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Find out how the date got its unlucky reputation and how even nonbelievers may be influenced by our collective triskaidekaphobia.

As if October wasn’t spooky enough, this year the creepiest month also features the return of Friday the 13th.

October 13 is the second ill-fated Friday to fall in 2017. And while January the 13th wasn’t especially sinister, it seems that no matter how many such moments pass us by, the dreaded day continues to inspire unease and fears of misfortune.

There’s no logical reason to fear the occasional coincidence of any day and date. But Friday the 13th can still have noticeable impacts. Sometimes we create them in our own minds—for good and ill.


Jane Risen, a behavioral scientist at the University of Chicago Booth School of Business, has found that superstitions can influence even nonbelievers. In one study, Risen found that people who identify as superstitious and non-superstitious both believe a bad outcome is more likely when they’ve been jinxed, such as by stating they definitely won’t get into a car accident.

“Generally speaking, I find that this occurs because the bad outcome springs to mind and is imagined more clearly following the jinx,” she explains. “People use the ease of imagining something as a cue to its likelihood.”

This kind of thinking may be more widespread on Friday the 13th: “Even if I don’t actively believe, just that fact that Friday the 13th exists as a known cultural element means that I entertain it as a possibility,” she says. When otherwise unremarkable events occur on that date, we tend to notice.

“That adds a bit more fuel to this intuition, makes it feel a bit more true, even when you recognize that it’s not true.”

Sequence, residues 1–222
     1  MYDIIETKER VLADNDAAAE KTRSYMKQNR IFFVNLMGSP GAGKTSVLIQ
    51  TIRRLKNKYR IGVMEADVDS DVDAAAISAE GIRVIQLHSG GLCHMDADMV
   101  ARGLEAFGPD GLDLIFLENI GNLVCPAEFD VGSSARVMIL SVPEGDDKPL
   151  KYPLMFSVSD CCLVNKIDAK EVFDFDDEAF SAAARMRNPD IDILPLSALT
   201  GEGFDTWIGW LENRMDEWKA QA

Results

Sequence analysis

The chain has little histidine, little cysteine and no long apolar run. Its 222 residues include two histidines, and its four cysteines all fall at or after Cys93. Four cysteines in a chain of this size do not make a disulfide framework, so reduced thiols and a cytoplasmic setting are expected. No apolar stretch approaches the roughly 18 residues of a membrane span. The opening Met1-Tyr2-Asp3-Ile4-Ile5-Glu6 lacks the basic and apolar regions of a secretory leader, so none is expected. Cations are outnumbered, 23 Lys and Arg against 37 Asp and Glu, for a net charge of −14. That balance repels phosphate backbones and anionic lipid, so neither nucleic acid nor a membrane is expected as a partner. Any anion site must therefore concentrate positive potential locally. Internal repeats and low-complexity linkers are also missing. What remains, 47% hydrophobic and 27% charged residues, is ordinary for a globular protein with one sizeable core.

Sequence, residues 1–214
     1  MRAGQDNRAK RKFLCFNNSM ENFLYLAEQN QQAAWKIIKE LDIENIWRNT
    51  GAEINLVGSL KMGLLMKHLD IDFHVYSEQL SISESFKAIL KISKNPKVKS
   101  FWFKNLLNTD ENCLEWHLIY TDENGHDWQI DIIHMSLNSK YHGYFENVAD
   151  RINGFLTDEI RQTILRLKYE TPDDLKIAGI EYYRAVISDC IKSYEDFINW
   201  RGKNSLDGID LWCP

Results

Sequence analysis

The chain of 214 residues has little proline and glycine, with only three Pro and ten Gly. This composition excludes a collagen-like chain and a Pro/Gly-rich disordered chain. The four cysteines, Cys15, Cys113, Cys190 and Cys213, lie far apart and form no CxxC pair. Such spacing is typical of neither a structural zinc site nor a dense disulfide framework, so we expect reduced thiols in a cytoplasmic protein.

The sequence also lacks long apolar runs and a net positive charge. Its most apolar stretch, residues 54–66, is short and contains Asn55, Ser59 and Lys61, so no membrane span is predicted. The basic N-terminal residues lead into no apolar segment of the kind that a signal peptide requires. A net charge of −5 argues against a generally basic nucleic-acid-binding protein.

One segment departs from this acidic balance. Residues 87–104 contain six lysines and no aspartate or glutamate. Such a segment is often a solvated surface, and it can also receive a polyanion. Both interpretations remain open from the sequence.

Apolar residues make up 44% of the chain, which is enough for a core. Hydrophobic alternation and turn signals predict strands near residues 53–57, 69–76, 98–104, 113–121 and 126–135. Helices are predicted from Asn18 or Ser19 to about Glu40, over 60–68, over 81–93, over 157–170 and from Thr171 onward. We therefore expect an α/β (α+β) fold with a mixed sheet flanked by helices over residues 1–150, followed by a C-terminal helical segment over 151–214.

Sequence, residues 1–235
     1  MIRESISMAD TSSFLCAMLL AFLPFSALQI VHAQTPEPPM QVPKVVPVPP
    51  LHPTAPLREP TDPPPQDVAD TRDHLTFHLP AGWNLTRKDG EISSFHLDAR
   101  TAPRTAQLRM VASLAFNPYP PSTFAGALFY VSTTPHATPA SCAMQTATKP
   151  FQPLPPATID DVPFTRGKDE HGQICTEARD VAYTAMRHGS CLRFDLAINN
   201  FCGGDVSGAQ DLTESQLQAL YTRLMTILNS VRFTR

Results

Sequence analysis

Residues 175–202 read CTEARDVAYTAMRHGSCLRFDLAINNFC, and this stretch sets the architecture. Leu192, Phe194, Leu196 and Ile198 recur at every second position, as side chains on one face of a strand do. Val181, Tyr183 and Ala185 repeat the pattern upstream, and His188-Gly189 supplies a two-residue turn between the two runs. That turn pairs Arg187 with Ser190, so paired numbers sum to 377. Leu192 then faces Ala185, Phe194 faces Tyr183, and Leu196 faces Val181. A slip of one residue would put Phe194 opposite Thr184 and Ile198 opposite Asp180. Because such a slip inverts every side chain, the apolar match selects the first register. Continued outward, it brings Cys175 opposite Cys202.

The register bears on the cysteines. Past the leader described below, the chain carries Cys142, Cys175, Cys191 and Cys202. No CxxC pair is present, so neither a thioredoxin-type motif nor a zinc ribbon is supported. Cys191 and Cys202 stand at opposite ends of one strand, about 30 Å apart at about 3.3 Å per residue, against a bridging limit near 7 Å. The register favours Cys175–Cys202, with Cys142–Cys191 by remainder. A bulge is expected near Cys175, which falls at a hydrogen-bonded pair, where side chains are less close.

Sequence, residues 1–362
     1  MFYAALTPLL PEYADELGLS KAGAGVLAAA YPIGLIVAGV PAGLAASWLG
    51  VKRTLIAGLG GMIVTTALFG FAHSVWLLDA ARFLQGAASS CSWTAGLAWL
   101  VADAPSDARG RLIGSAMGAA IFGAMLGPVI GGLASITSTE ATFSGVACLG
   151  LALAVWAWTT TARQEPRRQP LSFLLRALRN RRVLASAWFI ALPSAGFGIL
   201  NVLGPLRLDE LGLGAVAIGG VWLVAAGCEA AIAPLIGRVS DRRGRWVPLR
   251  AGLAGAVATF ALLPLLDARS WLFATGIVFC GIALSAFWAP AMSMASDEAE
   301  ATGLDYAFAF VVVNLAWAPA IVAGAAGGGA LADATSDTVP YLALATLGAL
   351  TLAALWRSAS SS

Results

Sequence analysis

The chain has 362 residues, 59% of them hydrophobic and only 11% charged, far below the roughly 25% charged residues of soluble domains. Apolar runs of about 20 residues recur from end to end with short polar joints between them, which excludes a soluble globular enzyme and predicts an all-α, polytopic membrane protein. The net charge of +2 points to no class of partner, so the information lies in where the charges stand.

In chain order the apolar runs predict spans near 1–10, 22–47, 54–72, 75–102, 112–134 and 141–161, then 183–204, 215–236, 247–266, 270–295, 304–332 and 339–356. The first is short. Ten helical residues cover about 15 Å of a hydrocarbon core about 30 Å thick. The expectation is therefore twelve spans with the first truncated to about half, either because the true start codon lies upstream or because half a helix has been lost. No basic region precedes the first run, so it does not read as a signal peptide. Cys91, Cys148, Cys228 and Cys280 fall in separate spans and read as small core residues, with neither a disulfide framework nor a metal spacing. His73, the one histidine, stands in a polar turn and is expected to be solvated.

Fortunately, Risen’s research also suggests a way to reverse the curse: perform rituals that ward off bad luck, like knocking on wood or throwing salt. Risen found that some people use them even when they don’t actively believe, and when tested, both types of people reported benefits from such acts.

“We find that people who jinx themselves don’t think the bad outcome is especially likely if they knock down on wood,” Risen says. “So, the ritual does seem to help manage their concern.”

In that way, simply being aware of superstitions may help to instill a sense of order in a world of random and uncontrollable worries, according to Rebecca Borah, a professor of English at the University of Cincinnati.

“When you have rules and you know how to play by them, it always seems a lot easier,” she told National Geographic in 2014. On Friday the 13th, “we don’t do anything too scary today, or double-check that there’s enough gas in the car, or whatever it might be.”

“Some people may even stay at home—although statistically, most accidents happen in the home, so that may not be the best strategy.”


Where does a fear of Friday the 13th come from in the first place?

It’s difficult to pin down the origins and evolution of a superstition. But Stuart Vyse, a professor of psychology at Connecticut College in New London, said our fear of Friday the 13th may be rooted in religious beliefssurrounding the 13th guest at the Last Supper—Judas, the apostle said to have betrayed Jesus—and the crucifixion of Jesus on a Friday, which was known as hangman’s day.